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U.S.-made gifts for Britons and Europeans?

U.S.-made gifts for Britons and Europeans?

Apr 2nd, 2004, 01:26 AM
  #21  
 
Join Date: Apr 2003
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Not wishing to be a wet blanket, but:

Isn't the first rule of present-giving that you think about the recipient?

And the sad downside of all this travelling and globalisation is that you can get pretty much anything anywhere. European shops are stuffed with Yankees memorabilia, for instance. Even relatively obscure US magazines are now in all Borders branches.

Now I don't know a single grown-up European who'd ever wear a cap of any description, and precious few (almost all with Dorian Grey complexes) who'd wear a shirt emblazoned with a sports team name. Most of us are mystified by maple syrup, and the concept of "premium" syrup is as odd as premium Coke. But each to his own taste - and in this case, the best judge of Sandykins' chums' taste is Sandykins.

Sandykins lives roughly as close to Britain as to California. The likelihood is the Britons Sandykins is visiting go to the US about as often as Sandykins goes to California (yes I know that, in this case, it'll turn out that Sandykins is in LA twice a week, but you all understand the general point).

So the answer isn't to scratch your head about what Brits or Italians might like. It's to think about what Charlotte or Piero might like. And to buy for them in the same frame of mind as you'd buy for Chuck or Mary-Beth if you were visiting them in California.

The resultant present might not be typically American. But it would be typically gracious, and symbolic of a friendship, not of nationalistic pigeon-holing.

Sandykins' friends are looking forward to seeing their friend Sandykins, not some stranger from America.
flanneruk is online now  
Apr 2nd, 2004, 01:55 AM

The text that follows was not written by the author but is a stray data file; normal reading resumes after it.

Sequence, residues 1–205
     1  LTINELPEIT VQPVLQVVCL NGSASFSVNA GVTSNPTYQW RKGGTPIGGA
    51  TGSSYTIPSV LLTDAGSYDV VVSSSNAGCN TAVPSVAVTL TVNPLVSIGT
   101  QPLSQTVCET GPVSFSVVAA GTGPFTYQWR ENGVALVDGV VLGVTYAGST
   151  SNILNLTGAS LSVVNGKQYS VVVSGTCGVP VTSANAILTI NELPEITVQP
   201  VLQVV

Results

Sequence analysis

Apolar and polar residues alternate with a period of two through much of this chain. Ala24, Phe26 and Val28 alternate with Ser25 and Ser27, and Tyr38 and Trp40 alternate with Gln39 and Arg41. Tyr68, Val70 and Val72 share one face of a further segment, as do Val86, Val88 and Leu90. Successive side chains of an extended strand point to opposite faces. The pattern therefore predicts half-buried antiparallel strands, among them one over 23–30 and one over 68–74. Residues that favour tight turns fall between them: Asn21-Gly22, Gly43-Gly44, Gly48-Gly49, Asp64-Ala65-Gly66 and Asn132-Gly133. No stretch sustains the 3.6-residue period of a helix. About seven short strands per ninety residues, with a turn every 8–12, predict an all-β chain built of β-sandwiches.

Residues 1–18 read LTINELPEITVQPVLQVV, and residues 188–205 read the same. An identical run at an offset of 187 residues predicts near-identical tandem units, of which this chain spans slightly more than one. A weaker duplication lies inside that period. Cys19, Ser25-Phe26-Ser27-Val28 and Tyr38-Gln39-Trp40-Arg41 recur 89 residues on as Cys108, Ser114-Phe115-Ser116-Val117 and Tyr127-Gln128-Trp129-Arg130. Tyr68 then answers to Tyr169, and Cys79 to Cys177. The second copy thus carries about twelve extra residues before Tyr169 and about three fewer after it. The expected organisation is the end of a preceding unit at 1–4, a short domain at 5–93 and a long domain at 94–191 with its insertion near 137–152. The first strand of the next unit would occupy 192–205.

#22  
 
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Oh Siobhan, thank you! I came here just to see if somebody has shed some light to my Depression Glass, and you did. I knew they were rare because the person who gave them to me said that she bought them from an antique shop. But she did not tell me about coupons!

But I think that is something you can give only if you know the person's taste.
elina is offline  
Apr 2nd, 2004, 01:58 AM
  #23  
 
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I do know a couple of German men in their 40s who wear baseball caps when they're doing yard work or hanging about, etc. And I may not know them personally, but I have seen more than a few men in Brussels wearing them (and I live in arguably one of the "nicer" communes, Woluwe St. Pierre).
But I would only give them if you think a) they are likely to wear them and b) the team is currently in the news for a good reason (i.e., because the team is in the championship playoffs, not because their top player has been indicted for rape or brawling)
BTilke is offline  
Apr 2nd, 2004, 02:35 AM
  #24  
 
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Elina,
They are usueally more abundant in 2nd hand shops and "antique" shops in the mid west from what I remember. There are specific colours (Rose, yellow and another). People would get a piece each week and eventually have the set. I believe they went out of fashion because of their link with the depression. I can't for the life of me think of the whole story behind them. I will ask my mother for you.

They were not hugely expensive 10-15 years ago but they get more valuable over the years and having a set i.e sugar and creamer with cups makes it more valuable. I think its quite quaint looking glass. It was considered cheap at the time but now looks pretty good to some of the junk we make these days.
SiobhanP is offline  
Apr 2nd, 2004, 02:39 AM
  #25  
 
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Found this about depression glass on the web. It was given out in Cinemas not fairs!
_______________________________
Depression Glass

What is it?
Depression Glass is colorful or clear, machine-pressed glass made during the 30's and used as premiums in dime stores (chain emporiums where most things cost originally 5 or 10 cents). On slow nights, movie theaters also offered it to entice audiences through their doors..

Who used it and why?
Because it was cheap and available, almost everyone used it. We know of one "restaurant" where it was used exclusively. The glass is very brittle, so many odd pieces have not survived.

Why should I want it now?
The colors offered--red, blue, pink, green, and amber and clear-- fit somewhere into everyone's color scheme and are perfect for today's casual dining. Patterns range from the stylish Art Deco "Manhattan" to simpler, homey floral designs.

S
SiobhanP is offline  
Apr 2nd, 2004, 02:50 AM
  #26  
 
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When did European men stop wearing baseball caps? We saw them all over the place in Germany and Austria 2 summers ago--and, yes, these were Europeans (either that or Americans who spoke German or French really, really well to the point that they spoke nothing else). Not most men, but certainly quite a few who were sightseeing or vacationing.